Cloud is at the heart of digital transformation, make sure DevOps is too

If your organization is embracing digital transformation, then cloud is at the epicenter of that transformation. Your DevOps team should be too.

That was the overarching theme of a recent iSpeak DevOps webinar, Building a Cloud Service Platform, that outlined success factors and best practices in creating a cohesive cloud strategy and platform.

Webinar host Jeanne Morain, author and strategist with a focus on digital transformation, said having a cohesive cloud strategy can create a cadence and best practices to address other pressures on the business. “DevOps is a cultural shift, but if it doesn’t enable the overall company strategy, it’s not something that’s going to be embraced by the executive team.”

There are many things DevOps and IT will have to consider as they develop a cohesive cloud strategy, including a growing number of digital natives, both employees and customers, who have specific expectations of what they should be able to accomplish. Morain said the growing number of digital natives has also contributed to shadow IT, even within IT departments, and those technologies will have to be discovered and onboarded to the cloud if needed, she said.

Of course, security and compliance are considerations, particularly with regard to what breaches may have on the organization’s brand, said Morain, as well as disruptive technologies. “We’ve seen an uptick in the past five years of disruptive technology that’s helped the people and process side.” Examples include cloud bursting, containers and other news ways to deliver applications.

She said successful companies build an internal platform around people and processes so they automate as much as possible and onboard as much shadow IT as possible. And it’s not just about not just about enabling external users but also dealing with impact on internal IT as executives still expect them to manage compliance. “They still expect them to manage the complexity of the technology even if it’s the business making the decision to adopt technology.” Morain said a people and process-focused platform provides an IT framework for onboarding but also provides guardrails so they don’t get into trouble.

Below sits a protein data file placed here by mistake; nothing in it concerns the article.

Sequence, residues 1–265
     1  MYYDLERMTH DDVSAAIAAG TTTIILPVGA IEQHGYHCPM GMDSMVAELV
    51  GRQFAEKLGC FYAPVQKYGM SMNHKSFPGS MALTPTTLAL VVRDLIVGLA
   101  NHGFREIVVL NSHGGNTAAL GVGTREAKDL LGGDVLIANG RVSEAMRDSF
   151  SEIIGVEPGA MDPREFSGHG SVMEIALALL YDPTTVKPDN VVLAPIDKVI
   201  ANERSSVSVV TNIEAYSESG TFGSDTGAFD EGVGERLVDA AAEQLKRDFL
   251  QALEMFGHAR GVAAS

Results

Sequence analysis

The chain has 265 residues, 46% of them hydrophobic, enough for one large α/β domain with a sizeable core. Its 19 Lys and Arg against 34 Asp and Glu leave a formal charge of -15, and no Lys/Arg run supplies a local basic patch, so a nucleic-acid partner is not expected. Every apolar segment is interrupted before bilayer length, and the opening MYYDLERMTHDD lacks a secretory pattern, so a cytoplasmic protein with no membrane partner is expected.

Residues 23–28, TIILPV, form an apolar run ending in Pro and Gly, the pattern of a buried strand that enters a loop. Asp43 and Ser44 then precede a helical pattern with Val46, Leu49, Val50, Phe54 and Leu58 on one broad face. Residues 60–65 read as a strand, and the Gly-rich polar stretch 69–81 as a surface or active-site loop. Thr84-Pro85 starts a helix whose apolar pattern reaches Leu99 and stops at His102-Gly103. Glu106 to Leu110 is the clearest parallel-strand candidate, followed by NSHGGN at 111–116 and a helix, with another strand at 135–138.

When it comes to creating a DevOps strategy to support digital transformation and onboarding to the cloud, there is “no one size fits all” approach, she said, but there are commonalities across companies that have done well based her research and experience. Top performers create categories of service as a means to develop onboarding processes.

The first category is customer-facing services, said Morain, which is what the company cares about most. These services may require a longer onboarding process that might include getting customer feedback. The second category are internal systems, which might include a development or micro-services platform for IT or CRM tools and HR portals for employees.

In the middle of the five categories are those services that affect both internal and external users, such as a website that interacts with customers and affects internal employees. Internet of Things devices, meanwhile, are a separate category, said Morain, because of their potential impact to an organization’s security posture and because it’s a nascent market. As organizations onboard these devices, many questions are raised: What is the impact on IT costs? What is the impact to points of failure? What is the impact to security posture?

Finally, mobile devices are given their own category, she said, as some could be owned by the company and some by end users, which adds scale to the organization’s security risk posture.

Morain said once those top performers figured out what those categories of services needed to be they looked internally within the management fabric itself to find how could they take down siloes of legacy processes, data structures, applications, and systems.

A good start, said Morain, is to eliminate duplicates, such as customer data and passwords, the latter of which can be addressed by implementing single sign-on, while also looking how they can automate ITIL and changes processes as much as possible.

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Gary Hilson
Gary Hilson
Gary Hilson is a Toronto-based freelance writer who has written thousands of words for print and pixel in publications across North America. His areas of interest and expertise include software, enterprise and networking technology, memory systems, green energy, sustainable transportation, and research and education. His articles have been published by EE Times, SolarEnergy.Net, Network Computing, InformationWeek, Computing Canada, Computer Dealer News, Toronto Business Times and the Ottawa Citizen, among others.

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